There was a little bit of agency news this week that made me very happy. Nine years after they dropped it, JWT is reinstating the name J.Walter Thompson.
It’s been announced to mark the agency’s 150 year anniversary – the perfect time to celebrate the uniqueness of this once amazing agency.
To those saying ‘so what? It’s just a name’, let me explain. Commodore James Walter Thompson was the founder of modern advertising – turning a media sales department into a creative agency and recognizing the importance of the female consumer back in the late 1800s. In 1911, 50 years before Peggy Olsen and her real-life counterparts, he hired the first-ever female creative director.
J.Walter Thompson went on to innovate and create for the next 90 years. The quality of their graduate scheme established their reputation as the ‘University of Advertising’. I know, as I was lucky enough to be one. Those of us that worked there back in the late 80s/early 90s were very aware, and very proud, of its tradition and heritage. The pitches were legendary and I still remember the thrill of walking into Berkeley Square to see the blue ‘signature’ flags flying outside number 40, announcing a big win (and the £1 vouchers we were all given to spend in the bar or the in-house shop).
40 Berkeley Square was a London landmark. It was always fun to give the address to a cab driver after a long, boozy lunch (well, it was the 80s) and then spend the journey chatting about the KitKat pandas, the Oxo mum and Beattie, the ‘you got an ology!’ BT grandma. Famous for the building, famous for the work.
When they left Berkeley Square (and Hay’s Mews) in early 2002, it was like the ravens leaving The Tower of London. Ditching the full name 3 years later would, I’m sure, have finally made Commodore Thompson turn in his grave.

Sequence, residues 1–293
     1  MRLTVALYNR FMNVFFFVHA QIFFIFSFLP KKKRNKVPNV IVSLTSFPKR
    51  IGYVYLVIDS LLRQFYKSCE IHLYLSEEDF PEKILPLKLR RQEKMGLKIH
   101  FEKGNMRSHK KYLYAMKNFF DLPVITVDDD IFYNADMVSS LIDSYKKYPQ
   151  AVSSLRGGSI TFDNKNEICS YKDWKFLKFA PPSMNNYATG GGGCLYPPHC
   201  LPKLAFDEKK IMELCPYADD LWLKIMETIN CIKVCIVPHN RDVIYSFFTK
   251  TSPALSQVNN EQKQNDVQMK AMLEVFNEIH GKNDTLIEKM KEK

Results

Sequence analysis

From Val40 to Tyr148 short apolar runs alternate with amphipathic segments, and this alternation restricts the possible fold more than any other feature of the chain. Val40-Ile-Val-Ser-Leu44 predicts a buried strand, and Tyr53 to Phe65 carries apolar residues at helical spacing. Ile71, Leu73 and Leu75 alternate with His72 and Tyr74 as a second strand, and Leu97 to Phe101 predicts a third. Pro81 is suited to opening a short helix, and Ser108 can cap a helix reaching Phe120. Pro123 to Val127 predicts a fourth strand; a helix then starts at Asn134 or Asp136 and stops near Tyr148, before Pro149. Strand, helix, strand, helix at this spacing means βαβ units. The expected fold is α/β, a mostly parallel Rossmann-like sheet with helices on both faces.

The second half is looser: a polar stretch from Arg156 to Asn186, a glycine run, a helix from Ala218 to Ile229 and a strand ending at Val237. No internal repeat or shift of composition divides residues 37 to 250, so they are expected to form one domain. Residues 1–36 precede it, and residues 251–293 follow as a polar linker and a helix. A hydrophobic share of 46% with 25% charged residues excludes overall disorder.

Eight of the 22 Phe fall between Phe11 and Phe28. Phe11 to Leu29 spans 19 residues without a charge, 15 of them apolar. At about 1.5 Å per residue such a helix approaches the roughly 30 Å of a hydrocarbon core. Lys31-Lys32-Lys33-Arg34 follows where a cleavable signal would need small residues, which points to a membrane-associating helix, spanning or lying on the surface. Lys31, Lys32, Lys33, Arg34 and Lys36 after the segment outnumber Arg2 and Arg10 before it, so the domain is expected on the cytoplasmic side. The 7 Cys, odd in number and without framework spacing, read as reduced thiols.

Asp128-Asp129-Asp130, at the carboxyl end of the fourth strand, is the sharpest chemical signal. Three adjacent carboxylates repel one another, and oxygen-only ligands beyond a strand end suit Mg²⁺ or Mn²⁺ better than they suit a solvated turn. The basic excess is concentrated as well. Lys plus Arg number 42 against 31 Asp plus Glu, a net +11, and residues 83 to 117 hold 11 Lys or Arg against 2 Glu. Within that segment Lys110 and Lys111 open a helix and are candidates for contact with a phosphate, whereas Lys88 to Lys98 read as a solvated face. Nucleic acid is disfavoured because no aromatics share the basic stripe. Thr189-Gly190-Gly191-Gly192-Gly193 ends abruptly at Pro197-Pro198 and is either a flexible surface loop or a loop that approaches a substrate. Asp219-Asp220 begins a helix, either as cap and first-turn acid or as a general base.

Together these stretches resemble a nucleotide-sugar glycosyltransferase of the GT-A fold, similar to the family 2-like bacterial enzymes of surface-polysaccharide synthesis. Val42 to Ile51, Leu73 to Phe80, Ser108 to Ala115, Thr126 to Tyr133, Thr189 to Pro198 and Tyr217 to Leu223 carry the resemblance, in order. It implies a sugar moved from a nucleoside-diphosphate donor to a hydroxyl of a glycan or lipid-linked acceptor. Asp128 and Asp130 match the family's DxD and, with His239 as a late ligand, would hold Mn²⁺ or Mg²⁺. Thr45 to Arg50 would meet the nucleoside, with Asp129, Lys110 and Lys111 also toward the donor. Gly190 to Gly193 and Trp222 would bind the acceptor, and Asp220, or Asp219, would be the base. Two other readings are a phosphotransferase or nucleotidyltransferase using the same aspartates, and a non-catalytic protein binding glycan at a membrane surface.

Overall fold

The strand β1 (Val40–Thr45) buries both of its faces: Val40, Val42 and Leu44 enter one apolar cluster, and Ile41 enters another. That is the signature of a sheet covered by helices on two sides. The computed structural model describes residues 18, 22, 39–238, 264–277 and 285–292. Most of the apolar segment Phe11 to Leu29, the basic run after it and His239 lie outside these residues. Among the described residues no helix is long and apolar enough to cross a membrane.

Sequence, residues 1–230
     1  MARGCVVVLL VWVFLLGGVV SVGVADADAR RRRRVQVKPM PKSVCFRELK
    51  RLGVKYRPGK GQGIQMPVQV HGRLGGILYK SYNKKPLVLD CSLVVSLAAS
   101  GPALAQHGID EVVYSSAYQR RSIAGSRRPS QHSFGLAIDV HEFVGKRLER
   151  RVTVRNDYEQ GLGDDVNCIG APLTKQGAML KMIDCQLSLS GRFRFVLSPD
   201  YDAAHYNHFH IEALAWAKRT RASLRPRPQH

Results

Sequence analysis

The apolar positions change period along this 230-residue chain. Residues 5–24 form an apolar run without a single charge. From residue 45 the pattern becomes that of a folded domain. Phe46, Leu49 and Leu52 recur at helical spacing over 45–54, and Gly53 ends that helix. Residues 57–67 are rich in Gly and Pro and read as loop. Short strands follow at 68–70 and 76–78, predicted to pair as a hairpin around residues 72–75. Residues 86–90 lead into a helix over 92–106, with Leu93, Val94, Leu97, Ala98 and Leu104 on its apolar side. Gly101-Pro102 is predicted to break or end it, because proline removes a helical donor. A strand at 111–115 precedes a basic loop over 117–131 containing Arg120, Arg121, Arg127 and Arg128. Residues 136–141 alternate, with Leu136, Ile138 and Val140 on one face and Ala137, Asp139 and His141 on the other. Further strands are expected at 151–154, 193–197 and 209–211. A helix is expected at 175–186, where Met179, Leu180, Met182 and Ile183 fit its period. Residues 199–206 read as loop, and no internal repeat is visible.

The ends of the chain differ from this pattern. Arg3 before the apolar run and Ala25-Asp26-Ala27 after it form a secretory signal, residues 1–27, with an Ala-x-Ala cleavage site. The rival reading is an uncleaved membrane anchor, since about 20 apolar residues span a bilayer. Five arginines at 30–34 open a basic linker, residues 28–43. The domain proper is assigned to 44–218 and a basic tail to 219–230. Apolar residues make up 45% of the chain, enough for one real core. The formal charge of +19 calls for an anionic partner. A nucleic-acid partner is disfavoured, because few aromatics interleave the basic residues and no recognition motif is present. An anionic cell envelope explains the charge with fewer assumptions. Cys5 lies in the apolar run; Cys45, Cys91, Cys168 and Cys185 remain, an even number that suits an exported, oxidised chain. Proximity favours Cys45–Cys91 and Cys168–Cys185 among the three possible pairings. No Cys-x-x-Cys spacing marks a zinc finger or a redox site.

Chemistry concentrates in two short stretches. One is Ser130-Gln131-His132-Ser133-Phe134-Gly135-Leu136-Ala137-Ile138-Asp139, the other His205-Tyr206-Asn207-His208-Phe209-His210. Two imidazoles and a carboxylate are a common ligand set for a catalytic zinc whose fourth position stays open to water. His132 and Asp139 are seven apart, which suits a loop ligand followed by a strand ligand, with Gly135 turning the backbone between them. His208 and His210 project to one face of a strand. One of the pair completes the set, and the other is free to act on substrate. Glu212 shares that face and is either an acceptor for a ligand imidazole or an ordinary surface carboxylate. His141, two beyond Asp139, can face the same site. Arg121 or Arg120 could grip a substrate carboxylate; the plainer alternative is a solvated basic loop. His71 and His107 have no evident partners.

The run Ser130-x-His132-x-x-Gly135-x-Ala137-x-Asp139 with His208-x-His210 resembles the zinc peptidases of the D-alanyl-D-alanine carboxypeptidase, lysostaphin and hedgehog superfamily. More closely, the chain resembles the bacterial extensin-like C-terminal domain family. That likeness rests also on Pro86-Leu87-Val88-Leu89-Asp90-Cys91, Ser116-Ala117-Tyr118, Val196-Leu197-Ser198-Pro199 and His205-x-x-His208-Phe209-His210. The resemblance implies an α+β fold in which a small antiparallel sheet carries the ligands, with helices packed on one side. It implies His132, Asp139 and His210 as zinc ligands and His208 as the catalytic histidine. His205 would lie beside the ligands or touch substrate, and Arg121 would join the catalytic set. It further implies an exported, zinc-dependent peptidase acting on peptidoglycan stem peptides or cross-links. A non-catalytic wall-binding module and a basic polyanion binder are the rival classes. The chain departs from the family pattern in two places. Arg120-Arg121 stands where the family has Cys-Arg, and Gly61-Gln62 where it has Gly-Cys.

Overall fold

A few years ago, I had a meeting at the new Knightsbridge office, and it just broke my heart to see important bits of their heritage – including the bust of The Commodore, which once proudly sat in the eponymous bar – lying on the floor in a back corridor.
J.Walter Thompson had that unique element that many clients would kill for – it was a true heritage brand. It was the agency that INVENTED advertising as we know it.
If your response is, ‘agencies aren’t named after founders anymore, grandma’, well maybe that’s because the industry hasn’t seen any true pioneers in a very long while. Names above the door only matter when they’re synonymous with the innovative values of the founder. David Ogilvy, the Saatchi brothers and Bartle, Bogle and especially Hegarty may well have been the last to really embody this.
I never saw the logic behind ditching the mother brand in the first place. J.Walter Thompson was always known by both names, as Global Chair & CEO Bob Jeffrey admits, so it always felt like a pointless global branding exercise – discarding years of heritage in favour of faceless corporate efficiency.
So if you’re ever in the lofty position of considering a decision like this, please ask yourself these simple questions; Does the current brand really stand for something? Has it been there longer than you? Will it still be there long after you’ve gone? If the answer to these questions is ‘yes’, PLEASE LEAVE WELL ALONE.
Now we just need to persuade them to move back to Berkeley Square…